Beware of scams targeting public defense clients. Learn More

NYCDS Testifies at City Hall about Algorithms in the Criminal Legal System

Testimony of

Christopher Boyle[1]

Director of Data Research and Policy

New York County Defender Services

Before the

Committee on Technology

Oversight Hearing – Follow up on Local Law 49 of 2018 in Relation to Automated Decision Systems Used by Agencies


Intros. 1447-2019 & 1806-2019

January 22, 2020


My name is Christopher Boyle and I am the Director of Data Research and Policy at New York County Defender Services (NYCDS). We are a public defense office that represents New Yorkers in thousands of cases in Manhattan’s Criminal and Supreme Courts every year. I have been a New York City public defender for more than twenty years. Thank you to Chair Holden for holding this hearing on the use of automated decisions systems, or algorithms, by city agencies.  There is an urgent need for greater transparency regarding these systems.

New York City has spent the past two and a half years reviewing and discussing how city agencies use automated decision systems. But it feels like, despite legislation, public hearings, and task force reports, we have barely inched closer to true transparency. We are pleased to see the introduction of two new bills that we hope will mandate city agencies to disclose meaningful information about their use of automated decision systems, and we urge certain amendments that would allow members of the public to actually hold these systems and agencies accountable.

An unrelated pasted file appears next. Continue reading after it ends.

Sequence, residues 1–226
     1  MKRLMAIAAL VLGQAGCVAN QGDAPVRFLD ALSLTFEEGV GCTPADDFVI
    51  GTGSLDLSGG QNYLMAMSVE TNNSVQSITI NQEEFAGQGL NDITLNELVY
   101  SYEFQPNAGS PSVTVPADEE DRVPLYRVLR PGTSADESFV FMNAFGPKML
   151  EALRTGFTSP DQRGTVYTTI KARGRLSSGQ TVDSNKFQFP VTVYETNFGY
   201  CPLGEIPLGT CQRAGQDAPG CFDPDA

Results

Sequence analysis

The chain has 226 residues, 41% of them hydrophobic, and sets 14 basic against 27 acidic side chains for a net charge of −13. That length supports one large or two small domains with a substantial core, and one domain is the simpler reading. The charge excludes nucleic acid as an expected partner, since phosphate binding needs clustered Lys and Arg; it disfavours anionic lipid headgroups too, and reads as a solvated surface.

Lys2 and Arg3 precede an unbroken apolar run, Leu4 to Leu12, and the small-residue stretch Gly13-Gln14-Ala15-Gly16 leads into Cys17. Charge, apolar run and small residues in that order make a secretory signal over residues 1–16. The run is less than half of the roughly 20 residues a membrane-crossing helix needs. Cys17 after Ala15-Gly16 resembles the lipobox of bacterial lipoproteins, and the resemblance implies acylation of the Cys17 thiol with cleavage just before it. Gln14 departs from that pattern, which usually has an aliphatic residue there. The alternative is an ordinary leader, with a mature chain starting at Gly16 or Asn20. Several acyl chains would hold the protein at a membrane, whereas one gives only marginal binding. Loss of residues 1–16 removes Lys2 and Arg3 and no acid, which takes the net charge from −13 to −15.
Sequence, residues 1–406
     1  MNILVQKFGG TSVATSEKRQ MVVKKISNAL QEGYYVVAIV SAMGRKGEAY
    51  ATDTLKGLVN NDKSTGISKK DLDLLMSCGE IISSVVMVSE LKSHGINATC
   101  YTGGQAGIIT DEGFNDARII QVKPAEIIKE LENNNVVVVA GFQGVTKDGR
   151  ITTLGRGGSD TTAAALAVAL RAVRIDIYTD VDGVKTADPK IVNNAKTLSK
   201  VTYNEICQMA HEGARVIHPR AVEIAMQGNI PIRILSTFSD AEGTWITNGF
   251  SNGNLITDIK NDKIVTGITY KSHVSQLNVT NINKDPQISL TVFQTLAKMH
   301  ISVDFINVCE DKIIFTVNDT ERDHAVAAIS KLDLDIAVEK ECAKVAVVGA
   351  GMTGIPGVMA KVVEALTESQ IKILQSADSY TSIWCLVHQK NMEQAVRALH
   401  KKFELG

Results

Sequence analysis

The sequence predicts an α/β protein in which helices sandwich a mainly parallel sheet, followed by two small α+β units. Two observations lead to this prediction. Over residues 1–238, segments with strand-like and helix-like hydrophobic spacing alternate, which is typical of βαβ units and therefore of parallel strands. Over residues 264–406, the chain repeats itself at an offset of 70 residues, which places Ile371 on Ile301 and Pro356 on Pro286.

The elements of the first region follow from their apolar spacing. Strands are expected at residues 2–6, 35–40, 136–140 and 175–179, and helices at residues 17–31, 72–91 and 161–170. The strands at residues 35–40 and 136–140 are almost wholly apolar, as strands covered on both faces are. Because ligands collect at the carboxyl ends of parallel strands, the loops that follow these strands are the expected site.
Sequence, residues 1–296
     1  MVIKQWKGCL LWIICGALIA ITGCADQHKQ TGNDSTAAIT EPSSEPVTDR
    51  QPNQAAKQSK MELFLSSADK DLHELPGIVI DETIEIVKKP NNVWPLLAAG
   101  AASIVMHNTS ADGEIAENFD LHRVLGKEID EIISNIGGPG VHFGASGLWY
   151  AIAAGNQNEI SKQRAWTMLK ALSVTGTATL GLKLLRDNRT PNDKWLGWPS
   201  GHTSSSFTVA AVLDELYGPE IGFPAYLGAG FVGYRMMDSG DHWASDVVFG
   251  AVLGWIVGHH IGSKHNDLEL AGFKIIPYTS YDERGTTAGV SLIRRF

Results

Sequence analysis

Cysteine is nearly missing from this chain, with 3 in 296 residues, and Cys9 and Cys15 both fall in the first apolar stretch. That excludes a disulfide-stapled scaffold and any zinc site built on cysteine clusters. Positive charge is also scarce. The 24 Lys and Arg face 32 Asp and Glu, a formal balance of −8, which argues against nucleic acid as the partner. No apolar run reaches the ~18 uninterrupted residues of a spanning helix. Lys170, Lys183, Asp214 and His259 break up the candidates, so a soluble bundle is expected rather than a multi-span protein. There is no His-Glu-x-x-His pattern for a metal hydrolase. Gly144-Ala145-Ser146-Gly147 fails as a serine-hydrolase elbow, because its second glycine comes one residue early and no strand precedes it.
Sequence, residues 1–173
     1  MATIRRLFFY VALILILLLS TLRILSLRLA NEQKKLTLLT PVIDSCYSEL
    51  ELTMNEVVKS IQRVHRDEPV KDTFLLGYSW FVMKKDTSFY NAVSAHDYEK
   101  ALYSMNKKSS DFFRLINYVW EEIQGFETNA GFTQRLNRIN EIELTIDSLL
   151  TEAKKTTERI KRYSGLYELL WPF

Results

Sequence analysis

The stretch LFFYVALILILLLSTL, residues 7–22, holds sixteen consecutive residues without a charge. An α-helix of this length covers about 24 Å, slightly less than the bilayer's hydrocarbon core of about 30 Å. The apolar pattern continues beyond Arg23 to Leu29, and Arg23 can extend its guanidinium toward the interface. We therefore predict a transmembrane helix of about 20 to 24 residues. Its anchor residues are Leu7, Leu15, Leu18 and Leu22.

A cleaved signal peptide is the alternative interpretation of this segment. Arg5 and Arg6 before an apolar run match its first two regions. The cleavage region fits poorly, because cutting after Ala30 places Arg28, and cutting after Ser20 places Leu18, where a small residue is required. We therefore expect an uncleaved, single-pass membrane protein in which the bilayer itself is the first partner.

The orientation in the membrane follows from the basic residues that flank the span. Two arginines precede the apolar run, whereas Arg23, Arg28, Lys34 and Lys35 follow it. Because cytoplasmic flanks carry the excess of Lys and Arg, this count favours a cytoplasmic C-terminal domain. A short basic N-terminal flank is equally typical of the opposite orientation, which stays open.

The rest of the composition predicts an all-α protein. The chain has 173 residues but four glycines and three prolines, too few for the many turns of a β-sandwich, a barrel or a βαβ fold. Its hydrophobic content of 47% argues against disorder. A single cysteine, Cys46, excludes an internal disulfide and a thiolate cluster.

Algorithms play an increasingly large role in the criminal legal system

“An ‘automated decision system’ is any software, system, or process that aims to aid or replace human decision making. Automated decision systems can include analyzing complex datasets to generate scores, predictions, classifications, or some recommended action(s), which are used by agencies to make decisions that impact human welfare.” - Janai Nelson, Associate Director-Counsel of the NAACP Legal Defense Fund[2]

Automated Decision Systems are routinely used to inform actions at every step of the legal system. From the locations to which police are deployed to who gets released pretrial; from access to treatment and programs to the length of one’s sentence or their eligibility for parole; algorithms are significantly influencing important criminal justice decisions. While a primary objective of such programs is to eliminate the effects of race or class biases, numerous studies have shown that without proper oversight, “risk assessments unintentionally amplify [these]... under the guise of science.”[3] We have put together a chart of all of the ADS that we are aware of that affect our clients throughout the life of their criminal case. See attachment.